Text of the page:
Skip to main content

Court hears ethics charges against Alabama’s ‘Ten Commandments’ judge

The Alabama Court of the Judiciary heard testimony today in a trial to determine whether state Chief Justice Roy Moore violated judicial ethics when he advised state officials to ignore federal court orders and uphold the state’s unconstitutional ban on same-sex marriage.

The charges against Moore are based on a complaint filed by the SPLC to the Alabama Commission on Judicial Ethics in 2015. The Court is expected to decide within 10 days whether Moore will be kicked off the bench for a second time within the last 13 years.

Moore was the only witness in today’s trial.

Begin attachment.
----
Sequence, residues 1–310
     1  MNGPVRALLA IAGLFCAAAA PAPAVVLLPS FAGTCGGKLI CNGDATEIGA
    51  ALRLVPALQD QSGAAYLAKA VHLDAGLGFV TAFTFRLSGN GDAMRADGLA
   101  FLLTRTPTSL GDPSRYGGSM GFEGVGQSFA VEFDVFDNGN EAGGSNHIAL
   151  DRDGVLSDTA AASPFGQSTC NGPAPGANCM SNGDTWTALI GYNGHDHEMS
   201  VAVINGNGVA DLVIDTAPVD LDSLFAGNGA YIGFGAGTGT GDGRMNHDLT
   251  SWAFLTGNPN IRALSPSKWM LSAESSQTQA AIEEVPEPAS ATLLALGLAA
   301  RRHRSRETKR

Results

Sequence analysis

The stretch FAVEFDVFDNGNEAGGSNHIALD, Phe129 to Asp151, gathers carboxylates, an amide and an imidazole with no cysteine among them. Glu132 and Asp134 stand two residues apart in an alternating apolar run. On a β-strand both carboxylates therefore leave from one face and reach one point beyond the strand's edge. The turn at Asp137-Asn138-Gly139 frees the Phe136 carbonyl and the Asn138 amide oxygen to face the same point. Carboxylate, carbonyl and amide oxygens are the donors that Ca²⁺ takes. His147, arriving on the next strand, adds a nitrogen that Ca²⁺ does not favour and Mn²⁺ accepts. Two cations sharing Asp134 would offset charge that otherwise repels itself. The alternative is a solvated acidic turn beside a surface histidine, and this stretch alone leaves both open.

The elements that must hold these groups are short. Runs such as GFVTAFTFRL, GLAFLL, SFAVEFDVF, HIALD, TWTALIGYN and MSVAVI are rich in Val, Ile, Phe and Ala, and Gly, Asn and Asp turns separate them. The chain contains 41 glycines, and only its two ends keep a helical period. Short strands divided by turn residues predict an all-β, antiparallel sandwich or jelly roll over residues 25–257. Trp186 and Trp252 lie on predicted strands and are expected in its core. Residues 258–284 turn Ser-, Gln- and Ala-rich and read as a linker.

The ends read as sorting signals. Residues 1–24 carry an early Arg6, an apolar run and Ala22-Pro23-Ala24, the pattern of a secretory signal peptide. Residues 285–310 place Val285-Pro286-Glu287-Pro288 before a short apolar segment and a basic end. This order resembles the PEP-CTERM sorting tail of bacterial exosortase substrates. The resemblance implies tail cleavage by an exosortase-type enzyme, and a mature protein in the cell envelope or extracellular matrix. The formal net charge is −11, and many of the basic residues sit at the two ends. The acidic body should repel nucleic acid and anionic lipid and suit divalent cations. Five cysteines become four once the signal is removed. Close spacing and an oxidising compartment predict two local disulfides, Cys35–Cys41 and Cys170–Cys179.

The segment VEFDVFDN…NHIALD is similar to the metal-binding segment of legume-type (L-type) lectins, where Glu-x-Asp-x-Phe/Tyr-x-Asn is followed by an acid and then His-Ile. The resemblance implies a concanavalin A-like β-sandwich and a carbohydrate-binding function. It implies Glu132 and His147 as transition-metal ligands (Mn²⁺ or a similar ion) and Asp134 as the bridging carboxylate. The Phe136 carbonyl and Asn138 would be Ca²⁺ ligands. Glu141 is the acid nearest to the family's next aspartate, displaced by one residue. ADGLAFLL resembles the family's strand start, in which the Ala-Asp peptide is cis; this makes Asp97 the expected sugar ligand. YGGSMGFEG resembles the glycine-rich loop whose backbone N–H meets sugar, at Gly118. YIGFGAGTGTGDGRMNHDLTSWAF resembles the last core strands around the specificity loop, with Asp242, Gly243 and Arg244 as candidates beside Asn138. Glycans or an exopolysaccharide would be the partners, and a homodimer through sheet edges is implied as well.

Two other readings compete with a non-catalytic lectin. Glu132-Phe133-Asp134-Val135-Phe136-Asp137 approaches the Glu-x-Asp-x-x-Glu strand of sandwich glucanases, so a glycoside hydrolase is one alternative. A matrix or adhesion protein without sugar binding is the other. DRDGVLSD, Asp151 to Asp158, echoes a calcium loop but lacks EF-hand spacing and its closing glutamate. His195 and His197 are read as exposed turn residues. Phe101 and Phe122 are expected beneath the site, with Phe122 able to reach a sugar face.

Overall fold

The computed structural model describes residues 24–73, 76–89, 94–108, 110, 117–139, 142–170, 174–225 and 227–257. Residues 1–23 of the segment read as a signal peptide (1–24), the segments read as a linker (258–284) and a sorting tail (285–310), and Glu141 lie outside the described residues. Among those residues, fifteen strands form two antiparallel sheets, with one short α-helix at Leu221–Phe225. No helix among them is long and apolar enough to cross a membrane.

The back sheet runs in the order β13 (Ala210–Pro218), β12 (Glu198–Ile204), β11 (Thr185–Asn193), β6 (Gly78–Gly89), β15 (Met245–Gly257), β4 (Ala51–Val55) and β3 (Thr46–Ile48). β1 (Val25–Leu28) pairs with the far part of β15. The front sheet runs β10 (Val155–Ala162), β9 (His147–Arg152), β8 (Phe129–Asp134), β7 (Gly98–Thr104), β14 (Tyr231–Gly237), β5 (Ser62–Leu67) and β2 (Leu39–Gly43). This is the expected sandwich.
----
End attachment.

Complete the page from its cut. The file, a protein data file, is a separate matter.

“I wish that everyone in Alabama could have been in the courtroom today, because they would have seen that it was absolutely clear that Justice Moore urged the state probate judges to defy a federal court injunction and to ignore the U.S. Supreme Court’s decision in the Obergefell case,” said SPLC President Richard Cohen. “His own testimony convicts him.

“Justice Moore may personally oppose same-sex marriage, but it is the law of the land, and he cannot be allowed to use his office to block it. His defense was nothing more than word games in an effort to escape the consequences of his actions. It is shameful.

“The people of Alabama deserve a chief justice who will follow the law and uphold the law, not a chief justice who undermines it and injures the integrity of the judiciary.”

In 2003, the Court of the Judiciary kicked Moore off the bench after the SPLC successfully sued him for installing a granite Ten Commandments monument in the state courthouse and he defied a federal court order to remove it. Alabama voters elected him again as chief justice in 2012.

Read a timeline of Moore’s attempts over the last 25 years to mix religion and the law.